Naltrexone is an opiate antagonist that is licensed for use orally as adjunctive therapy in the treatment of detoxified formerly opioid-dependent individuals (after around 10 days of being opiate free). It is taken in a dose of 50 mg per day and blocks the pleasurable and euphoric effects of heroin and other opiates. It works to help former opioid-dependent individuals to stay off drugs through the knowledge that these drugs will produce no positive effects. It does not increase motivation to stay abstinent and thus if people choose not to take the dose daily it will not work.

NIHR Health Technology Assessment programme: Executive Summaries - NIHR Evaluation, Trials and Studies Coordinating Centre (UK).

Version: 2007

Closing the Quality Gap: Revisiting the State of the Science (Vol. 4: Medication Adherence Interventions: Comparative Effectiveness)

To assess the effectiveness of patient, provider, and systems interventions (Key Question [KQ] 1) or policy interventions (KQ 2) in improving medication adherence for an array of chronic health conditions. For interventions that are effective in improving adherence, we then assessed their effectiveness in improving health, health care utilization, and adverse events.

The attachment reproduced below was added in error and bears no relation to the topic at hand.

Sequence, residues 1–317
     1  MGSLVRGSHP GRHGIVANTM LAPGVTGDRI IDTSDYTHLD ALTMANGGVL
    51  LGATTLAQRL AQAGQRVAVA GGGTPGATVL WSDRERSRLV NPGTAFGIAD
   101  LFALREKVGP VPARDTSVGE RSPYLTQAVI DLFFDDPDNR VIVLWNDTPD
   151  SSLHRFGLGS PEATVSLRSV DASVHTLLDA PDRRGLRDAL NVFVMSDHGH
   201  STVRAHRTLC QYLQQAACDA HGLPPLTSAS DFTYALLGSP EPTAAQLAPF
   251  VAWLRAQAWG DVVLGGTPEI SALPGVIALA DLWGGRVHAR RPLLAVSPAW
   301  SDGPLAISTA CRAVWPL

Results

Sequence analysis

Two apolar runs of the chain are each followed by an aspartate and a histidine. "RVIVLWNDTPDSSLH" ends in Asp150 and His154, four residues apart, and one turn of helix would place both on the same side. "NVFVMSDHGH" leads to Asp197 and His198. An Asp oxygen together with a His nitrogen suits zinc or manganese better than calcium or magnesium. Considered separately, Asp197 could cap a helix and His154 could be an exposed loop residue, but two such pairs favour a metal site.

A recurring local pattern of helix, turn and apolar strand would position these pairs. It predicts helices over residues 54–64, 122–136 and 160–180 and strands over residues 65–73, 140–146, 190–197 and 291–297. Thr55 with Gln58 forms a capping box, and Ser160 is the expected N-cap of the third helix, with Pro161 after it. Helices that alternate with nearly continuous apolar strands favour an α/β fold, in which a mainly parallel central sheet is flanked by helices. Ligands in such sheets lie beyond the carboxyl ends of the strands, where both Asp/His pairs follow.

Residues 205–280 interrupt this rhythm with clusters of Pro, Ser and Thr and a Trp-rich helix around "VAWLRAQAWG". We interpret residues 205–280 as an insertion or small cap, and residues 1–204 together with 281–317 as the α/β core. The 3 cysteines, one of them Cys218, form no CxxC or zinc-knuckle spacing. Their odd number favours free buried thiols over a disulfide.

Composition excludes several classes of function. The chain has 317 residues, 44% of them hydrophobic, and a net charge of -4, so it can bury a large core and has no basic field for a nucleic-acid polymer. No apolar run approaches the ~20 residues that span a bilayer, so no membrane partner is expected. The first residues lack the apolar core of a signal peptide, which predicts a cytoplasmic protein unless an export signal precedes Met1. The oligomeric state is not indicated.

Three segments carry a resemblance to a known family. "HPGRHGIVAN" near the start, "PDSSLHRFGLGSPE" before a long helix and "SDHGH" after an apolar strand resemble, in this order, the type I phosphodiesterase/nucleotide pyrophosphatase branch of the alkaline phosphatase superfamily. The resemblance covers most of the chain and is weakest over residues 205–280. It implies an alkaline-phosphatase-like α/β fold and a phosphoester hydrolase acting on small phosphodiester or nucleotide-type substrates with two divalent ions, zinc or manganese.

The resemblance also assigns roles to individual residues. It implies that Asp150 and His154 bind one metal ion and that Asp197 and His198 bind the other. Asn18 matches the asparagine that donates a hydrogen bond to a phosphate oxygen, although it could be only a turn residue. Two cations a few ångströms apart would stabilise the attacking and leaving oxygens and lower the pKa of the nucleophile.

Evidence Reports/Technology Assessments - Agency for Healthcare Research and Quality (US).

Version: September 2012
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Drug Class Review: Long-Acting Opioid Analgesics: Final Update 6 Report [Internet]

We compared the effectiveness and harms of long-acting opioids and of long-acting opioids compared with short-acting opioids in adults with chronic noncancer pain.

Drug Class Reviews - Oregon Health & Science University.

Version: July 2011
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Comparative Effectiveness of Smoking Cessation Treatments for Patients With Depression: A Systematic Review and Meta-analysis of the Evidence [Internet]

Smoking is disproportionately higher among persons with depression (45% versus 22%). Furthermore, smokers with depression may experience more challenges when trying to make and maintain a quit attempt, such as greater negative mood symptoms from withdrawal, higher nicotine dependence, and greater likelihood of relapse, than smokers without depression. Despite the complex relationship between tobacco use and depression, smokers with depression are motivated to quit smoking and should be offered cessation services. Several evidence-based smoking cessation treatments are effective for the general population of smokers. Yet the comparative effectiveness of these strategies in smokers with depression is uncertain. Also, it is uncertain if factors that may facilitate targeted interventions, such as depression status, gender, and treatment sequencing (i.e., concurrent versus sequential) for mood and smoking cessation, differentially impact the effectiveness of smoking cessation interventions.

Evidence-based Synthesis Program - Department of Veterans Affairs.

Version: November 2010